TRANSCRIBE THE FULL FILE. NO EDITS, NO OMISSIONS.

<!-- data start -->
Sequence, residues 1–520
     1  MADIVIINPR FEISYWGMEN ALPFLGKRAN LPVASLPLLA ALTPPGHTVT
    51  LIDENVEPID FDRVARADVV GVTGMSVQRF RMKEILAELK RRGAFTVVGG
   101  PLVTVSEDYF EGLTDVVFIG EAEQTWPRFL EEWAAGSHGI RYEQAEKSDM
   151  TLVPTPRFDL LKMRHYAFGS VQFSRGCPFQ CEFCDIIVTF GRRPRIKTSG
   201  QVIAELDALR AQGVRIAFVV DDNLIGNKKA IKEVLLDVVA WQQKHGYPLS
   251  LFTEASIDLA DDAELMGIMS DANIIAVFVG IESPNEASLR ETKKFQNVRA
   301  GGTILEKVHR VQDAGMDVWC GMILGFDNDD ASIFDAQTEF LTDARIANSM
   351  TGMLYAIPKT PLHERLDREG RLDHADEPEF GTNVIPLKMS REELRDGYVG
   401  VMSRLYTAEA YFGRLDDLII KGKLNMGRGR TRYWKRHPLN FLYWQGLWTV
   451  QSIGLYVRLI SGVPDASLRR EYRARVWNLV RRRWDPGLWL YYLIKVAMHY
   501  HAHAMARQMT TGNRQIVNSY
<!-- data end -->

Sequence, residues 1–520
     1  MADIVIINPR FEISYWGMEN ALPFLGKRAN LPVASLPLLA ALTPPGHTVT
    51  LIDENVEPID FDRVARADVV GVTGMSVQRF RMKEILAELK RRGAFTVVGG
   101  PLVTVSEDYF EGLTDVVFIG EAEQTWPRFL EEWAAGSHGI RYEQAEKSDM
   151  TLVPTPRFDL LKMRHYAFGS VQFSRGCPFQ CEFCDIIVTF GRRPRIKTSG
   201  QVIAELDALR AQGVRIAFVV DDNLIGNKKA IKEVLLDVVA WQQKHGYPLS
   251  LFTEASIDLA DDAELMGIMS DANIIAVFVG IESPNEASLR ETKKFQNVRA
   301  GGTILEKVHR VQDAGMDVWC GMILGFDNDD ASIFDAQTEF LTDARIANSM
   351  TGMLYAIPKT PLHERLDREG RLDHADEPEF GTNVIPLKMS REELRDGYVG
   401  VMSRLYTAEA YFGRLDDLII KGKLNMGRGR TRYWKRHPLN FLYWQGLWTV
   451  QSIGLYVRLI SGVPDASLRR EYRARVWNLV RRRWDPGLWL YYLIKVAMHY
   501  HAHAMARQMT TGNRQIVNSY